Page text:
Throughout the years, Corvette has been chosen to be several pace cars. But no opportunities were as big as this one...

It was only a matter of time. One of the world's greatest sports car taking part in the world's greatest endurance race. On June 17, 2000, the C5-R Corvette took on the world at the Le Mans and surprised more than a few skeptics with an impressive finish (third and fourth in class).

Corvette has gone this way before. In 1960, a production-based Corvette completed this 24-hour test of automotive endurance.

The Corvette gave us a lot to work with right out of the box. So when the Corvette C5-R first attacked Le Mans' Mulsanne Corner, it did so with many of the same parts found in the production car. And with its already aerodynamic styling, rigid body structure and tremendous suspension geometry, the Corvette was destined to be a race car.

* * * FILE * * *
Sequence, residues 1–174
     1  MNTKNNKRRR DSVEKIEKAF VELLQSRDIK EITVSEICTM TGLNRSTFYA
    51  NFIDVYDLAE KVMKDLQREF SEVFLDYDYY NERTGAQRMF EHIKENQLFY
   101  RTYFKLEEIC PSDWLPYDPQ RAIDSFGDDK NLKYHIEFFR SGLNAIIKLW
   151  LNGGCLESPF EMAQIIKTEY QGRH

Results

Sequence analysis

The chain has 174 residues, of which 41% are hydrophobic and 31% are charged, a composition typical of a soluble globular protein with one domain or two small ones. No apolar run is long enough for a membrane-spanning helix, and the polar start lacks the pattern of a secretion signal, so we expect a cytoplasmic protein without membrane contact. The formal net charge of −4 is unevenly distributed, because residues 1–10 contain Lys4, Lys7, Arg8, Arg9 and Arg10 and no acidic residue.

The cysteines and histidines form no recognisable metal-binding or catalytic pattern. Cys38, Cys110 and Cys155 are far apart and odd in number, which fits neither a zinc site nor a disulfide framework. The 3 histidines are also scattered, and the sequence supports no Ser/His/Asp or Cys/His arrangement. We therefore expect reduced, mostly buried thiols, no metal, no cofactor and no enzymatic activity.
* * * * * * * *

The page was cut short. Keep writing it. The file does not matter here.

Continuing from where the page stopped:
Our search for an engine led us right to our production car's LS1 power plant. Of course, modifications had to be made. So, we took the aluminum small block from the production car and increased it from 250 to a whopping 620 horsepower. The fact that we could do this says a lot about the inherent goodness of the LS1.

This racing Vette turned a lot heads on the way to Le Mans. In January 1999, after 4,000 miles of testing, the C5-R was entered in the grueling Rolex 24 At Daytona. The C5-R not only completed the race, but gave the rest of the pack a run for its money. By its second season, the C5-R had made it to the podium several times. Then came Le Mans 2000, the "granddaddy" of all endurance racers. A podium finish in class confirmed what we'd all suspected: the C5-R Corvette is one of the world's great race cars.

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